First, Shiv Sena chief Bal Thackeray made a rare public appearance at Shivaji Park on Friday evening; at around the same time, the Nationalist Congress Party’s low-profile leader and Sharad Pawar’s nephew Ajit Pawar took to Pune’s streets in a ‘torch procession’ ahead of the state’s golden jubilee celebrations.
The Maharashtra Navnirman Sena (MNS) burst firecrackers across Mumbai at midnight on Saturday, and the Shiv Sena got an audience of ‘one lakh’ to sing along with Lata Mangeshkar at a public performance in the evening.
Maharashtra’s 50th foundation day celebrations saw political parties outdoing each other to woo the ‘Marathi manoos’.
Much of this revelry had to do with the new-found love parties have developed for the ‘manoos’ after the October 2009 Assembly poll results.
Raj Thackeray’s three-year-old party won 13 seats and damaged the Sena-BJP’s prospects (at least in 30 seats) in the urban Mumbai-Pune-Thane-Nashik belt.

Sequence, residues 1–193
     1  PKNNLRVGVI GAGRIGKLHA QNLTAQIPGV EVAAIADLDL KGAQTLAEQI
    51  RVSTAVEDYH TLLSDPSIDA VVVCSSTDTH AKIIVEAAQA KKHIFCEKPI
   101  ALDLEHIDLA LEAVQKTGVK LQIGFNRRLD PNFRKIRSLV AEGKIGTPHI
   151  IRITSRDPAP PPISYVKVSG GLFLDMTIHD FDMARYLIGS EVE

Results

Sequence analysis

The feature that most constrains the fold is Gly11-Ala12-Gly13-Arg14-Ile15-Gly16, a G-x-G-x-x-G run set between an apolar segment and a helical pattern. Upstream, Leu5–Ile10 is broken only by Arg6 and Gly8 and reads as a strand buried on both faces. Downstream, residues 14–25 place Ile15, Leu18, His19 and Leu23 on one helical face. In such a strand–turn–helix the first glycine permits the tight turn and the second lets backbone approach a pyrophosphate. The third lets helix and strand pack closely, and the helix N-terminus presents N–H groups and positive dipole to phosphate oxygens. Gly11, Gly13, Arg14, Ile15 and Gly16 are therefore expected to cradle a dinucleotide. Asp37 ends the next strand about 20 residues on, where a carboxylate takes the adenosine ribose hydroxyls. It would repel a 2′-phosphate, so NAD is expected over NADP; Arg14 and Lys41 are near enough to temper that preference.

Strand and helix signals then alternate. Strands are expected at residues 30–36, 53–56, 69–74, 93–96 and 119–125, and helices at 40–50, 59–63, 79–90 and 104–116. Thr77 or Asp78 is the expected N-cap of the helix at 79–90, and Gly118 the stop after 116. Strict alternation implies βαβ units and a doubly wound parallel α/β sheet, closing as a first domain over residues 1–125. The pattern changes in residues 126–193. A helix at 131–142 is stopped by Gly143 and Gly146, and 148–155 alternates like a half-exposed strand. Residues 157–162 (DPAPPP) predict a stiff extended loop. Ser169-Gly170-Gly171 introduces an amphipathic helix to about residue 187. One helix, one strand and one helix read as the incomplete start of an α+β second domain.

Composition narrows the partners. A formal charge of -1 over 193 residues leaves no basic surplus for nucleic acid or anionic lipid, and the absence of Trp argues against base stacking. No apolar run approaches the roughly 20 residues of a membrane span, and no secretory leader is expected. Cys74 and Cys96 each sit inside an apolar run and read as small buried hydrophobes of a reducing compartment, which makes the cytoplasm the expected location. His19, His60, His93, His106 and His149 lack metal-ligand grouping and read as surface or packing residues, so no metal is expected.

It did so solely by pitting locals against “outsiders.” In Mumbai, the MNS got 24 per cent votes to emerge the second-largest party, with 6 seats ahead of Sena’s 4.
The results have sent warning bells not just to Uddhav but also to the ruling allies. In the next two years, all major municipal bodies in the state, including the BMC, will go to the polls, and parties fear the MNS factor would change calculations.
The big fight between the Congress-NCP and Sena-BJP will be for controlling the BMC, which has a budget of Rs 20,000 crore.
“Don’t just clap for my speech, give your votes to the Sena. Ensure only the saffron flag is unfurled at BMC,” said Thackeray Sr at a party-organised event on Saturday.
“There is a sudden attempt to rediscover Marathi identity, and an apparent competition to cash in on sentiments of the Marathi manoos,” said Surendra Jondhale, political analyst.
The sole sober note came from Sharad Pawar, who told a channel the state had failed to provide basic infrastructure in the last decade.